# 9 trees in 7 rows with 3 trees in each row

The following puzzle is a variant of a puzzle published in the May 8, 1926 issue of THE WINNIPEG TRIBUNE MAGAZINE:

In the picture below there are nine trees arranged in two rows with five trees in each row. The puzzle is to reposition four of the trees leaving the other trees untouched so that you wind up with exactly seven rows with three trees in each row. Rows can be horizontal, vertical or slanted at any angle.

• I might be the odd one out, but I would argue this puzzle could be improved by replacing the word 'row' with 'line'. Calling two perpendicular lines rows seems weird/confusing to me? Aug 24 at 8:52
• @DavidMulder I am sorry that the word "row" was confusing. However, "row" is the standard word for this type of puzzle (I checked a number of sources). I will update my question. Aug 24 at 9:31
• @DavidMulder A row of trees going north-south is as much as a row of trees going east-west. Aug 24 at 13:12
• @PeteKirkham Taking each row on its own I would wholeheartedly agree, but when you have e.g. a 2x2 grid I would say that that grid has two rows and two columns, not four rows and two columns. And I believe the same would apply to any set/group/collection of rows. Aug 25 at 6:14
• You should clarify exactly 7 rows. My first thought was to arrange in a 3x3 grid.
– qwr
Aug 25 at 14:45

## 8 Answers

A different solution is possible:

• Nice symmetrical solution! Nicely explained too! Aug 24 at 18:24
• Just put them into a 3x3 box at first, then did stuff to get rid of one row. Aug 25 at 14:58

How about the following arrangement?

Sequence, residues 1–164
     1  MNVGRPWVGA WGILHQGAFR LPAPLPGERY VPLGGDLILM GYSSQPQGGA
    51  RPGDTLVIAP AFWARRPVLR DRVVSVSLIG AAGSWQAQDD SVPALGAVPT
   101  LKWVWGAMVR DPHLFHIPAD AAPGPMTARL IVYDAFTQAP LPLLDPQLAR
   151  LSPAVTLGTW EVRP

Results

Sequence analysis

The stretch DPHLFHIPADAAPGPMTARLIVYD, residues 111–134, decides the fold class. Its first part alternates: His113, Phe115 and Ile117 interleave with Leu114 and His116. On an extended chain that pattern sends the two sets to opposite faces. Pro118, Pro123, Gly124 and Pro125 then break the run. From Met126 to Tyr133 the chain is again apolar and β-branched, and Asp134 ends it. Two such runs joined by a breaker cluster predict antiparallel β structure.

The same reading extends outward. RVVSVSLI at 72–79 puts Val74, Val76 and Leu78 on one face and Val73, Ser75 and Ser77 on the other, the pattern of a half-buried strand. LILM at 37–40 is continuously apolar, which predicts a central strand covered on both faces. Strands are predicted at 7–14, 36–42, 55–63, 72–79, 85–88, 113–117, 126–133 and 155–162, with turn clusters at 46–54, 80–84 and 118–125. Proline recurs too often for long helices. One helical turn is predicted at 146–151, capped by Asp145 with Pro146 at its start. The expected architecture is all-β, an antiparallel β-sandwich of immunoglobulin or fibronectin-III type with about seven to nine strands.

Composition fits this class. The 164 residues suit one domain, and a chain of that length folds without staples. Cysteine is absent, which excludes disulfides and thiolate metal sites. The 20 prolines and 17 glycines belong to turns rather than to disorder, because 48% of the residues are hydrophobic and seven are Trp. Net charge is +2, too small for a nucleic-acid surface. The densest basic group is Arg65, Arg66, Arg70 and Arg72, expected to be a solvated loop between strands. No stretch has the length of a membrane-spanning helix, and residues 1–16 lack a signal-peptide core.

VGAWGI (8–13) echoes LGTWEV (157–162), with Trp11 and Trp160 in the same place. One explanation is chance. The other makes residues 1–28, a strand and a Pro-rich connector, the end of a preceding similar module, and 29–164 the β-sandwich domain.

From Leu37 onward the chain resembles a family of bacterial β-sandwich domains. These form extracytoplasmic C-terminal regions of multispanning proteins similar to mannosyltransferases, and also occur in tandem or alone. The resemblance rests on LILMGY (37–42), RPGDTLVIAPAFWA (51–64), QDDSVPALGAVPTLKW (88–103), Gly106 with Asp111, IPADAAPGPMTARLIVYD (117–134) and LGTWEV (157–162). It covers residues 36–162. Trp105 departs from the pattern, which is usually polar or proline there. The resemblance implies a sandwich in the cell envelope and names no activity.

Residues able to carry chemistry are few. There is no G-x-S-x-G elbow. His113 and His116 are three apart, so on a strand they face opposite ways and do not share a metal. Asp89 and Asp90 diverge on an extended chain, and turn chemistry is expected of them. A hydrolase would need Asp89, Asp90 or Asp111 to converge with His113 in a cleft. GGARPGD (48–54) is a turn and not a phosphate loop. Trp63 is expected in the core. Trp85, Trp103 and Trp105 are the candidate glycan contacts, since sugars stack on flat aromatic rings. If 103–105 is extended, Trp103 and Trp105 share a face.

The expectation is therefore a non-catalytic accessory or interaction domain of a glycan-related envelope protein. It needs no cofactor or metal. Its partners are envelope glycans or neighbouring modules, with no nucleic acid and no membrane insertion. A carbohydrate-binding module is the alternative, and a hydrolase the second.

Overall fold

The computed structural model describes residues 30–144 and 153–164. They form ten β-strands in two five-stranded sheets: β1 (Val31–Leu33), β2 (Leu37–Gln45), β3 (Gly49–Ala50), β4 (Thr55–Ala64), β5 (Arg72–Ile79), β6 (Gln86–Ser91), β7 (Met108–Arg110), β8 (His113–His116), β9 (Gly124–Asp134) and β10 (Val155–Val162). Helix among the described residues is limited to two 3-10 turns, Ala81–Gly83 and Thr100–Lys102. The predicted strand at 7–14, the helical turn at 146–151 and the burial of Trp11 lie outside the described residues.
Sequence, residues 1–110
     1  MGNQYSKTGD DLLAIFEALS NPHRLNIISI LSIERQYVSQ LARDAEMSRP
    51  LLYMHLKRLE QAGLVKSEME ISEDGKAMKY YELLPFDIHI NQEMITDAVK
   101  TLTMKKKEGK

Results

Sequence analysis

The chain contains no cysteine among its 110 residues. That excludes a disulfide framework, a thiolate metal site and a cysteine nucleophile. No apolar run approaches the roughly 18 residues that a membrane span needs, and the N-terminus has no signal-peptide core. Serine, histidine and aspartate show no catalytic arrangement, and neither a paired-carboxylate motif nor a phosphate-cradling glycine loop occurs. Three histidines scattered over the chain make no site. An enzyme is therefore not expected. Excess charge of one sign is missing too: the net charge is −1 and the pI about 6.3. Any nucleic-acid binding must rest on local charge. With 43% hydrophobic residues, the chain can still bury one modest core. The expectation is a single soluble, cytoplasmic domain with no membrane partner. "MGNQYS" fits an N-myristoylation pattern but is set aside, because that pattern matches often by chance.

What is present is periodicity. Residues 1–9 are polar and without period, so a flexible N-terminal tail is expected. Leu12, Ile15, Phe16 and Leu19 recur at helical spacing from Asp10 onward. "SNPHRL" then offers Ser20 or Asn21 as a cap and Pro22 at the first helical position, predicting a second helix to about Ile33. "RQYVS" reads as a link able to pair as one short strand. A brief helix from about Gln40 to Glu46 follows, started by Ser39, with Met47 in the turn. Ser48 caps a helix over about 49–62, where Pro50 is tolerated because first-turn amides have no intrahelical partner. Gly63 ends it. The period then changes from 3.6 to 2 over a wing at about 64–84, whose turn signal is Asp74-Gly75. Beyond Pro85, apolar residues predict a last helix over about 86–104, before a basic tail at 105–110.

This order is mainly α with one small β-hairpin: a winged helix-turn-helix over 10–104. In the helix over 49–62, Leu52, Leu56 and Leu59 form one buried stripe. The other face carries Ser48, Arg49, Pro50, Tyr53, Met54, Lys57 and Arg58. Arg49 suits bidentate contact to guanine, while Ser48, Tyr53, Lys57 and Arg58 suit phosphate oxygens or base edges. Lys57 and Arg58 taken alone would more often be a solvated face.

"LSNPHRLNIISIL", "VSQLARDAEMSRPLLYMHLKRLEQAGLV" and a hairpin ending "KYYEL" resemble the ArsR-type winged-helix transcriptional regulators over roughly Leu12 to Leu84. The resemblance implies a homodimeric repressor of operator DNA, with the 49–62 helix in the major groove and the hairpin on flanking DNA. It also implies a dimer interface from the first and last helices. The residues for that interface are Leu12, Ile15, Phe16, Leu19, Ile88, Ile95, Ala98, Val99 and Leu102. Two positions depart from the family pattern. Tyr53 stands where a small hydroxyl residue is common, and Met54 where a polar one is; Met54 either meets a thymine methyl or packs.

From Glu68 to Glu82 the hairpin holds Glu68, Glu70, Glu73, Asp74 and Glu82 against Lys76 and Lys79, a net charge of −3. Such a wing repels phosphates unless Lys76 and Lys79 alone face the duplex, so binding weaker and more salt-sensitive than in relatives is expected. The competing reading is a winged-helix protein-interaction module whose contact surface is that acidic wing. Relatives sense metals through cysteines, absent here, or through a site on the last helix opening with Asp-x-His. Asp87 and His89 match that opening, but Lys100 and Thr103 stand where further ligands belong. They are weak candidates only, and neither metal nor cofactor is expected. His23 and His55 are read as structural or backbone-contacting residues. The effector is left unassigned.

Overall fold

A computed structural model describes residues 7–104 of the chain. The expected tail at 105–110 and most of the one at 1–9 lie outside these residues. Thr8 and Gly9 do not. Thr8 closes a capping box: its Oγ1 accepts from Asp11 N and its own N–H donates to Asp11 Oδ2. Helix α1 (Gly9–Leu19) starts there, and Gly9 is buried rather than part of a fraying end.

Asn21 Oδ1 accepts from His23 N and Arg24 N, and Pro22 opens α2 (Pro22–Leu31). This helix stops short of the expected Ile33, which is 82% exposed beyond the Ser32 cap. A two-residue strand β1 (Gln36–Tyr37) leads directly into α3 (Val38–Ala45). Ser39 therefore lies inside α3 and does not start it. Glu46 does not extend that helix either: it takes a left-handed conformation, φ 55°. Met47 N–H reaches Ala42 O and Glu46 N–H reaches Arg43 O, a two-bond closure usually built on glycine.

Made from moving the four trees farthest from the center.

• Yes, that works. Can you find a symmetrical solution? Aug 24 at 0:56
• @WillOctagonGibson Ah, yes, simply shift the top row over by one. I'll edit my answer Aug 24 at 7:42
• This new solution makes 8 rows (not just 7), with the long diagonal from bottom left to top right... (This is also achieved by just positioning the 9 trees in a 3x3 square grid.)
– Stiv
Aug 24 at 7:51
• if you move the left tree in the first row of your original answer down three rows then you get a symmetric solution with 7 rows (and not more)
– daw
Aug 24 at 8:53
• My bad, I'll revert my edit. Aug 24 at 19:50

I'm quite happy with the result, and had fun thinking about it

• I like your symmetrical solution. You explained your answer well. Aug 26 at 2:31
• Very good answer. Aug 26 at 20:39

This doesn't quite follow the rules

but why move 4 trees when it can be done in 3?

Yet another answer. Who said all the trees must be used?

• Cool! Thinking outside of the box! Aug 26 at 2:38
• I like the way you show the original positions of the moved trees here. That's a really good visual representation. Aug 26 at 9:41

I can actually make 9 rows with 3 trees in each row by just moving 4 trees. I will keep the top and bottom tree and the three center ones in place and move the other 4 to build the following pattern (F for fixed trees and M for the ones I moved).

Sorry for not actually having nice trees in my picture. Feel free to edit.

• Ideally I am looking for a solution with exactly 7 rows. Aug 24 at 9:18
• Move the top right M further out along its line and you eliminate 2 rows to leave 7. Aug 24 at 12:32

I'm not sure if this would be allowed, because this solution involves

trees being not exactly grid aligned, and also one row having way different spaceing between trees. Though, I did try to keep the distance within each row the same, because this would be really easy if any adjacent trees in a row can be any distance apart.

• That looks perfectly good to me, except you forgot to draw one line. Aug 27 at 20:40
• @FlorianF That looks like seven lines to me though.. Three horizontal, one vertical, two negative diagonals, and one positive diagonal. Aug 28 at 4:53
• Oops, it seems I cannot count. I saw an additional row from the top left to the bottom right tree, but I didn't see that you moved the bottom right tree to avoid that. So no objection. Grid alignment was not a requirement. Aug 28 at 8:51

Found this one:

Here's how I did it.

• Nice symmetrical solution. Aug 29 at 20:09